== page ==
The Charlie Hebdo attack was especially important for al-Qaeda because it enabled the group to transcend the fratricidal conflicts that frequently define relations between the various jihadist groups. In Syria, for instance, al-Qaeda’s affiliates (when it had better control over them) and Islamic State have been in open war with each other.

Yet, the Charlie Hebdo attack brought warm praise from the group’s Islamist rivals because none of them wanted to appear ­unsupportive of an atrocity that had, as the terrorists proclaimed, “avenged” the Prophet Muhammad’s honour.

The British man from High Wycombe who joined IS told me the group had welcomed the attack for precisely those reasons. It was something that, in his view, had confirmed the “nobility” of the attackers, even if they had not been members of IS.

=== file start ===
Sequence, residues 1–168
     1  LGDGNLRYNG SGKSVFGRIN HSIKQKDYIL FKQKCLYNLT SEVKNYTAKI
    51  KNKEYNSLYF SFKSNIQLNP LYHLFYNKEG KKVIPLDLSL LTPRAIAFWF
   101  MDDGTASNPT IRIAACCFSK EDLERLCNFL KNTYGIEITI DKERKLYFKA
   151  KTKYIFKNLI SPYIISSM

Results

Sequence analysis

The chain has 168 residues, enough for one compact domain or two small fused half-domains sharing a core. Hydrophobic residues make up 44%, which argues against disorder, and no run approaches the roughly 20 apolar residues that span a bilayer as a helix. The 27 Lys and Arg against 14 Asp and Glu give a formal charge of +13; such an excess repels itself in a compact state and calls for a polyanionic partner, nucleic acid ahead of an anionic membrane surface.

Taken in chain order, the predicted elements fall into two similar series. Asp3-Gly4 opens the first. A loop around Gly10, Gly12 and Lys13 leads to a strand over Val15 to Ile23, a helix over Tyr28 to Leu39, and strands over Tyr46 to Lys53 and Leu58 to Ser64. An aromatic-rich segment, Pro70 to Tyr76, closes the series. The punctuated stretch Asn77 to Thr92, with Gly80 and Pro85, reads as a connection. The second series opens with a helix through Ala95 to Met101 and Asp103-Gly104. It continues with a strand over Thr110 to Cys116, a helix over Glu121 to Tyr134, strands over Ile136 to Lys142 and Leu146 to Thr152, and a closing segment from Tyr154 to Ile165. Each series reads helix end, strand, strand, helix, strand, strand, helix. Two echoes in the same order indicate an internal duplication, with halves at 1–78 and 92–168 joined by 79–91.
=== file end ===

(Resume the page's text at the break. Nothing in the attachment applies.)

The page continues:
Is it too late for the West to save itself, I asked him. What if the West simply accepted all of Islamic State’s demands: would that provide respite?

The answer was as emphatic as it was stark: “We primarily fight wars due to ppl [sic] being disbelievers. Their drones against us are a secondary issue.”

He went on: “Their kufr [disbelief] against Allah is sufficient of a reason for us to invade and kill them. Only if they stop their kufr will they no longer be a target.”

In other words, we are all guilty, and we are all legitimate targets.

Shiraz Maher is a contributing writer for the New Statesman and a senior research fellow at King’s College London’s International Centre for the Study of Radicalisation.

This article first appeared in the 25 May 2017 issue of the New Statesman, Why Islamic State targets Britain